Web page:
Martin Gottlieb, editor of The Record (Bergen County, NJ), sent this memo to colleagues Thursday after he was told about this Wednesday post:

It was a deadline mistake by a remorseful night desk in sports that we’ve corrected online and run a correction about in print today. Everyone knows it should not have happened. Best, Marty

* Paging Your photo is from 2006 (

NewComment on my Facebook wall: “I wouldn’t be mad if he said we’re understaffed and doing a zillion things and just pulled the wrong photo. I’m willing to bet his sports staff gets a lot of things right that no one ever heralds.”

Montana’s Republican House leaders came out last week with a controversial dress code that some say targets female lawmakers and journalists. (“Women should be sensitive to skirt lengths and necklines.”)

I asked Chuck Johnson, who has covered Montana politics since 1970, about the dress code controversy and he tells Romenesko readers:

There was no need for an official dress code here. Montana had what amounted to an unwritten dress code in the past. Legislators, reporters and staff have dressed appropriately for the most part.images-3 If someone in leadership thought any of them were out of line, they were told.

I remember one photographer was told she couldn’t wear jeans on the House floor and forced to go home and change. But jeans were appropriate dress for her because she might have been sent out next to photograph wildlife in the snow or car accidents on the ice. A public radio reporter didn’t have a tie early in the 2013 session and was told he couldn’t be on the floor unless he had a tie. He went home and got one.

As for your question on how would I judge appearance of reporters who cover the Legislature here, I think nearly all reporters dress appropriately. The men wear suits or sports jackets, dress shirts, ties and either dress pants or khakis and dress shoes or boots. I wasn’t aware of the reporter who got admonished for wearing sneakers, but I can guess who it was. [I told Johnson a story I heard about a sneaker-wearing wire service scribe.]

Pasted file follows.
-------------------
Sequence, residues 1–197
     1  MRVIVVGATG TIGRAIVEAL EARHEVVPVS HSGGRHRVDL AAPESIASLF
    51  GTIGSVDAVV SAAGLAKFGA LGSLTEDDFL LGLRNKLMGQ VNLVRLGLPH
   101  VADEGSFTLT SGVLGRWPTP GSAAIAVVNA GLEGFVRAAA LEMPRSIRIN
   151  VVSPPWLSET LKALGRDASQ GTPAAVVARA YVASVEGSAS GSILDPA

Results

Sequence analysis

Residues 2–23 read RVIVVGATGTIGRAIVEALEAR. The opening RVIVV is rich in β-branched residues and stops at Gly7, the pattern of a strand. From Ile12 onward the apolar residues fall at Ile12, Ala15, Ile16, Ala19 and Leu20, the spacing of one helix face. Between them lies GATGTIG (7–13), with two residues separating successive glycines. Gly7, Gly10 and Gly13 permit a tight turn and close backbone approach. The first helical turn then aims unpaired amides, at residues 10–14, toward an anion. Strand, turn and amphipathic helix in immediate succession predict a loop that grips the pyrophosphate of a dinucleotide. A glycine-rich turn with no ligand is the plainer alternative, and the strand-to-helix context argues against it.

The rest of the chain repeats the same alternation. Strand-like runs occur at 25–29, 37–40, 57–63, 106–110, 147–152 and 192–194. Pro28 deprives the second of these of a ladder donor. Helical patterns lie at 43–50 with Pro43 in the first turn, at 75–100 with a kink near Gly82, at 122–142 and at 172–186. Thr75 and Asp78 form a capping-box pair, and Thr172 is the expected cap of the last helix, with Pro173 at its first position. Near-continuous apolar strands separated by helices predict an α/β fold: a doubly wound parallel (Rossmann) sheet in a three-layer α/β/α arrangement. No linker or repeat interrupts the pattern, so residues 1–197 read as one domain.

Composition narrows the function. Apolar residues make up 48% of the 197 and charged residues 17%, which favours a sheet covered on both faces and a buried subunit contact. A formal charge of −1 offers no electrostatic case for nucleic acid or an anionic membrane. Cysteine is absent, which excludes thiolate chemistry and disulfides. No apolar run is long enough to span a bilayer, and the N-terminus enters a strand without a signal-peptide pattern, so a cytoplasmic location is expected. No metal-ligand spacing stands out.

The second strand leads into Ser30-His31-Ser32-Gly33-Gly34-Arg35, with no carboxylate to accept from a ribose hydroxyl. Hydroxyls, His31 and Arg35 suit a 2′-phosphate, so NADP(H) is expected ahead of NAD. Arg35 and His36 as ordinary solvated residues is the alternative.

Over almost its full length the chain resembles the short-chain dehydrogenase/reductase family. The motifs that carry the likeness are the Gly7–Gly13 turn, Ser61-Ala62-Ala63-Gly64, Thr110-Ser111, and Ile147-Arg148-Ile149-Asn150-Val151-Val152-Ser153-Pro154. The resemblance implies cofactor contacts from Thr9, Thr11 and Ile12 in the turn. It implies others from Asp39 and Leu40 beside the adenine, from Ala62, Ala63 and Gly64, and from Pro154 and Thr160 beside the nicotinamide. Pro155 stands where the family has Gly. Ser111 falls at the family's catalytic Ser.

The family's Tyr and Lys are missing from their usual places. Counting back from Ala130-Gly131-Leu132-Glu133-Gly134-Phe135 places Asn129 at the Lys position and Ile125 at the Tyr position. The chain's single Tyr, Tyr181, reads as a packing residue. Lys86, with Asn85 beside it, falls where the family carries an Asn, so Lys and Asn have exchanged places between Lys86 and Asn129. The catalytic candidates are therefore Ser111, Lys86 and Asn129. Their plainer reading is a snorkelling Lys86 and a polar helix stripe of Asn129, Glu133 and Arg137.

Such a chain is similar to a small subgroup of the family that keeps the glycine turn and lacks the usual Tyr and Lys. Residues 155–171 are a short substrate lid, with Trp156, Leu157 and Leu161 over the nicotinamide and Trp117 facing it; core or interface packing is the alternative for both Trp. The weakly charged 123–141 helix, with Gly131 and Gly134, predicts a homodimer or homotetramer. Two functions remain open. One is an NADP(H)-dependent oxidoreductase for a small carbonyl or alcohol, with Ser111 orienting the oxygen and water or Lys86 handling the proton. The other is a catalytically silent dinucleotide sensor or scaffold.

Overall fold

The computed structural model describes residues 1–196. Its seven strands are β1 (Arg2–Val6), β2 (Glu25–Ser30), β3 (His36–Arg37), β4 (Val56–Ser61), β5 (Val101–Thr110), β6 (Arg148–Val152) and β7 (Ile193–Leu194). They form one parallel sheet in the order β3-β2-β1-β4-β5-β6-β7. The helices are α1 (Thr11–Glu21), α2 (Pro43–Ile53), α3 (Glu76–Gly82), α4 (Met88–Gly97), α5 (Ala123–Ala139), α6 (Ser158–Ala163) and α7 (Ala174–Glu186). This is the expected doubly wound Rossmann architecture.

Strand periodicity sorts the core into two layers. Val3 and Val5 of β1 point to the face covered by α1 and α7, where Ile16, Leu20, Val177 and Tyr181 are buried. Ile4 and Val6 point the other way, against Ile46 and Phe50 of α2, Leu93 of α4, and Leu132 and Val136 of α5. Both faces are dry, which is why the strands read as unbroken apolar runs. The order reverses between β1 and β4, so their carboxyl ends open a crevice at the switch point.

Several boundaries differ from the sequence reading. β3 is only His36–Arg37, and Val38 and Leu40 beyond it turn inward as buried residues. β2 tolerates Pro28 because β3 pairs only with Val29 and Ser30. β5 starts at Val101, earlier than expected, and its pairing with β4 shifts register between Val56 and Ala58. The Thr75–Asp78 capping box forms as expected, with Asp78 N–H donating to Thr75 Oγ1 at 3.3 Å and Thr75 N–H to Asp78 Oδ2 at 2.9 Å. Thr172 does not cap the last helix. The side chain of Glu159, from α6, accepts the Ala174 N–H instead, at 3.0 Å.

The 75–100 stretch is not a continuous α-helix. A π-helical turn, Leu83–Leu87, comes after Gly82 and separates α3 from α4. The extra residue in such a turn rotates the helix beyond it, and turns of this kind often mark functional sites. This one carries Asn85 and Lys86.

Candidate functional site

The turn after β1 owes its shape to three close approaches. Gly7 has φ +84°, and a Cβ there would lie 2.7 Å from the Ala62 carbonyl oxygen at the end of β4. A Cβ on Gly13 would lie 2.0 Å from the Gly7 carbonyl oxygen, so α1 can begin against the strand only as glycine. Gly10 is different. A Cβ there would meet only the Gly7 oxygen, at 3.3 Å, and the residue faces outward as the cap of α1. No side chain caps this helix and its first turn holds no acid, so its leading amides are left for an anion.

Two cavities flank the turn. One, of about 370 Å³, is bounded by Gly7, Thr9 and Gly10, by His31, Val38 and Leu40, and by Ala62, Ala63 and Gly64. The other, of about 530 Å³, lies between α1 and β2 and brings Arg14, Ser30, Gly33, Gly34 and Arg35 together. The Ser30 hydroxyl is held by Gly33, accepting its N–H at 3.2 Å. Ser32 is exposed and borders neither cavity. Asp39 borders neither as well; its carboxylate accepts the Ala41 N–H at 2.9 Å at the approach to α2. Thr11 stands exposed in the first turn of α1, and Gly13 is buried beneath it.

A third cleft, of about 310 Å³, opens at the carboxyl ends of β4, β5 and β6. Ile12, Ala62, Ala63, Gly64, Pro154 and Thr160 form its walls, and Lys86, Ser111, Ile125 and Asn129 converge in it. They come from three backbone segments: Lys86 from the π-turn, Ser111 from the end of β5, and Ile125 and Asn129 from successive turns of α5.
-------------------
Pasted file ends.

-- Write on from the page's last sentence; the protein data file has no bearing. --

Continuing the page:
The female journalists here dress like other young women dress in the workplace. They dress professionally.

* Lessons from Montana’s “sexist” dress code (
* Montana House enacts strict dress code, Twitter goes wild (

* Silence from Rolling Stone while editors review their “Rape on Campus” story. (
* A former Rolling Stone lawyer says her departure from the magazine had nothing to do with the controversial rape story. (
* The “indefensible” story “felt like a punch in the gut to anyone feeling hopeful about progress against sexual assault,” writes Geneva Overholser. (
* An investigation into the death of Cat Fancy magazine. (Spoiler alert: Cat lovers did it.) (
bikiniphoto* John Harte tells the story about his bikini photo that the Bakersfield Californian refused to run in 1985. (“Do you have any idea how many phone calls we’ll get?” the editor said.) (John Harte)
* Police union head – upset about a syndicated editorial cartoon – to the Bucks County Courier Times: “Here’s wishing you a bankrupt new year.” (
* The end of an era at the Pulitzer-winning Milwaukee Journal Sentinel. (
* Conde Nast had a “challenging” 2014.
* pulls a post about a racist email to a Chinese restaurant owner – supposedly from Harvard prof Ben Edelman – because it couldn’t be verified. (
* You won’t see “break shit” in the New York Times and other big newspapers. (
* “Torture” guidance for NPR employees. (
* Enough with “Liking” stuff on Facebook! (
* “Serial” and “Colbert Report” are competing against each other on December 18. (
* NBC’s Richard Engel recalls the time he volunteered to be a human shield for Saddam Hussein. (